The proposal of the European Hydrogen Bank comes at a time when the EU is undertaking a number of renewable hydrogen-related initiatives, reflecting the fact that the EU considers the renewable hydrogen industry one of its key areas of focus to support the transition to net zero. In particular, the Commission has targeted 20 million tonnes of renewable hydrogen within the EU (comprising 10 million tonnes domestically produced and 10 million tonnes imported) under the REFuelEU plan, and has proposed to define renewable transport fuels of non-biological origin (RFNBOs) under the Renewable Energy Directive, while the revised EU Emissions Trading System (ETS) Directive (which the EU political institutions agreed on in December 2022) would establish free allowances under the EU ETS for the production of renewable hydrogen.
The Critical Raw Materials Act
The Critical Raw Materials Act sets out targets for the production, refining, and recycling of critical raw materials (CRMs) which are often indispensable inputs for strategic sectors including renewable energy, the digital industry, space and defence, and the health sector. These CRMs often involve a high level of supply risk, and may also be associated with negative environmental impacts depending on the extraction methods and processes.
The Critical Raw Materials Act aims to provide the EU with security of supply for the CRMs required for net zero technologies. In particular, the Critical Raw Materials Act aims to boost domestic production in the EU by directing supply chains away from third-party countries (including China, which currently has a significant role in most CRM value chains). The proposal notes that “excessive dependencies on single suppliers could disrupt entire supply chains, particularly as export restrictions and other trade restrictions are increasingly used amid intensifying global competition”.[iv]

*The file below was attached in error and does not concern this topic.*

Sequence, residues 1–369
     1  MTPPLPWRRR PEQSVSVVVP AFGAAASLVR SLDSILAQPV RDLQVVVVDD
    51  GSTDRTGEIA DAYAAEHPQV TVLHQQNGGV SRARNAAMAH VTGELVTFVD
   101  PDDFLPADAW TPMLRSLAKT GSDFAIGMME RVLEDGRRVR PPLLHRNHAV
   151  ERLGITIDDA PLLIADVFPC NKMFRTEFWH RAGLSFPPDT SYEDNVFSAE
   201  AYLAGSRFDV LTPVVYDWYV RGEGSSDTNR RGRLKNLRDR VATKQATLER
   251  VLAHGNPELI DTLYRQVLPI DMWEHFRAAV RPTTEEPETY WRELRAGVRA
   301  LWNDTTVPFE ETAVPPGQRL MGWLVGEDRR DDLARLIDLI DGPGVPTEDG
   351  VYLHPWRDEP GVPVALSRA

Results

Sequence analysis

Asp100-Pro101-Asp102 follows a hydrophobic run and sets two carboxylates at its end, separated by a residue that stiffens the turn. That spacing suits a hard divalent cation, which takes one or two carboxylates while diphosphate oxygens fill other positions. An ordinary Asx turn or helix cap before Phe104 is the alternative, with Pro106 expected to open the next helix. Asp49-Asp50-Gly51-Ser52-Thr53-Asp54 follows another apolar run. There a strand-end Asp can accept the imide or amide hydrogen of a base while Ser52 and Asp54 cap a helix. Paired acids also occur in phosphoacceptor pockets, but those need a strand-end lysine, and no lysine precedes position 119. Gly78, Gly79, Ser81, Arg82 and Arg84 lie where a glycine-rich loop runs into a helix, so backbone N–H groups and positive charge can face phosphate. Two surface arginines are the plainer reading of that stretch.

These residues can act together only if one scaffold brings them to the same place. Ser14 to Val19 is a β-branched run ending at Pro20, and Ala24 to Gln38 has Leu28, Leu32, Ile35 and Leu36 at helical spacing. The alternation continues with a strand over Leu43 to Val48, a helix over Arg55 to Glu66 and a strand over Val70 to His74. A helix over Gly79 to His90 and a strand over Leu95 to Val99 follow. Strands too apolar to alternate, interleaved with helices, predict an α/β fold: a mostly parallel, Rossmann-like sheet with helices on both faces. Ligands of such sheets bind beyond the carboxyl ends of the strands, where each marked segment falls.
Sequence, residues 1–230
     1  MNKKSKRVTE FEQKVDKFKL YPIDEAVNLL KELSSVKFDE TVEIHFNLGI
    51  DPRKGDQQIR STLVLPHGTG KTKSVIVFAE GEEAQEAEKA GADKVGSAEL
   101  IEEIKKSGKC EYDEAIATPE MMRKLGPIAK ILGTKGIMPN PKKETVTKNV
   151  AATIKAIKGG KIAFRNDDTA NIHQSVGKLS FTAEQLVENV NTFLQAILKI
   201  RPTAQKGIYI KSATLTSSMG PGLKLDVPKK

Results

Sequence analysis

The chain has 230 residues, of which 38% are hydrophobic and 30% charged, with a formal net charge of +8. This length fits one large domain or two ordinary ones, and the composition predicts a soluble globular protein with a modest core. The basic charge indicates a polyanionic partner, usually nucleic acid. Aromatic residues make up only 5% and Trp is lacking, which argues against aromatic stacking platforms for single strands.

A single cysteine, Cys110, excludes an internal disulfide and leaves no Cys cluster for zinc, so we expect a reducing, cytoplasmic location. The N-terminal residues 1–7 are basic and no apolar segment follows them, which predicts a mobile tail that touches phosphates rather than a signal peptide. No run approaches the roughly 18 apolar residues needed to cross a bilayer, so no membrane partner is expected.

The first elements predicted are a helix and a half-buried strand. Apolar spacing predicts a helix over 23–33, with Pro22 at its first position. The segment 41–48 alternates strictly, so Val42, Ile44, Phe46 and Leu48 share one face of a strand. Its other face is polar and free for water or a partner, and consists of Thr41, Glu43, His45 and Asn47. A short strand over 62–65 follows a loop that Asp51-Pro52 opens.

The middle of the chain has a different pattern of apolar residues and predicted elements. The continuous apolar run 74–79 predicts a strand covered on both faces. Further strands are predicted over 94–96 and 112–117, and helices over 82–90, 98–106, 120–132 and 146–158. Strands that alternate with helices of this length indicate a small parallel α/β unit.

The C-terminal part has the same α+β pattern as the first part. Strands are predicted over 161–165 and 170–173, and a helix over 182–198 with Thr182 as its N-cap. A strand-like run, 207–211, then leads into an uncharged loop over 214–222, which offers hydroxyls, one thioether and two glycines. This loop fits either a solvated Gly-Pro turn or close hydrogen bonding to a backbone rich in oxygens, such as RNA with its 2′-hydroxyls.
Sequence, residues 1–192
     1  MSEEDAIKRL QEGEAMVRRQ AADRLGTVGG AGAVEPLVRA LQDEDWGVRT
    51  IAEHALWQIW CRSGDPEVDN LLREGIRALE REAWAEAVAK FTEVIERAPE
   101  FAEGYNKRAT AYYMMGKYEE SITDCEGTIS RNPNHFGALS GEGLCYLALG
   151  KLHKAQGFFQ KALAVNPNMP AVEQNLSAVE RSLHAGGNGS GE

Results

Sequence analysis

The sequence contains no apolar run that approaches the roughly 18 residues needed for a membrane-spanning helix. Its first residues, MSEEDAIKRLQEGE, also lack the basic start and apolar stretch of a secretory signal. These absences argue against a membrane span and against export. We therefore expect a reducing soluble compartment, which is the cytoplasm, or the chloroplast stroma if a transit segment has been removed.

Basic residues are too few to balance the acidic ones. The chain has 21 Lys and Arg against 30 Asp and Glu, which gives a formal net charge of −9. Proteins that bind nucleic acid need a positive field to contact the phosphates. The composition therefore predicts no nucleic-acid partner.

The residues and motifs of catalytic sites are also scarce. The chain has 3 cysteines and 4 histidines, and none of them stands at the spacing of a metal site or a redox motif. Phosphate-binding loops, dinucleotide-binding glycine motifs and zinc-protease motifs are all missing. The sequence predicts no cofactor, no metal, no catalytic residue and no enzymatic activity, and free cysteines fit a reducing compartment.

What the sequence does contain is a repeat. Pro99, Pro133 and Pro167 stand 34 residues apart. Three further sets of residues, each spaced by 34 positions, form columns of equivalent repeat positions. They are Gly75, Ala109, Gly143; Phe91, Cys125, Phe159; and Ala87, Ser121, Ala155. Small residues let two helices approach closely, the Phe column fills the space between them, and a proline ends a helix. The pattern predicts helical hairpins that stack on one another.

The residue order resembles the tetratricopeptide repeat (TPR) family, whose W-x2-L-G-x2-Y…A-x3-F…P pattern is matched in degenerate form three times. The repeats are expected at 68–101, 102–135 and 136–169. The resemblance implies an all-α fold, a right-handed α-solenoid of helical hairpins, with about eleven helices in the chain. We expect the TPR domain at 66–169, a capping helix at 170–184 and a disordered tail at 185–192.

The proposals set out voluntary targets for the EU supply of critical minerals which require the following minimum domestic levels for strategic raw minerals by 2030:
- 10% of annual consumption for extraction capacity;
- 40% of annual consumption for processing capacity;
- 15% of annual consumption for recycling capacity; and
- Not more than 65% of annual consumption of each strategic raw material[v] at any relevant stage of processing from a single third country.
In addition, the Critical Raw Materials Act, similar to the Net Zero Industry Act, proposes a framework to select and implement “strategic projects” which can benefit from streamlined access to finance. The Critical Raw Materials Act also proposes measures to improve the circularity of CRMs, by requiring operators and Member States to improve the recovery of critical raw materials from products and waste.
Finally, significant investment outside of Europe to help extract and process CRMs for export to the EU is identified as essential in order to achieve the supply-chain diversification that the Critical Raw Materials Act requires.
The European Parliament and Council of the European Union will discuss the proposed regulations before they come into force.
Latham & Watkins will continue to monitor developments in this area.
[i] Alongside proposed reform to the electricity market design.
[ii] The eight strategic net zero technologies appear in the Annex of the Net Zero Industry Act: (i) solar PV and solar thermal; (ii) onshore wind and offshore renewable technologies; (iii) battery and storage technologies; (iv) heat pumps and geothermal energy; (v) electrolysers and fuel cells; (vi) sustainable biogas and biomethane; (vii) carbon capture and storage; and (viii) grid technologies.
[iii] Storage sites can classify as net-zero strategic projects if they are located on EU territory, aim to provide operationally available CO2 injection capacity by 2030 or earlier, and have applied for a permit for the storage of CO2 in accordance with the CCS Directive.
[v] The proposal defines strategic materials as those with a high importance in specific sectors that may experience global demand/supply imbalances. Critical raw materials are those crucial for the wider EU economy.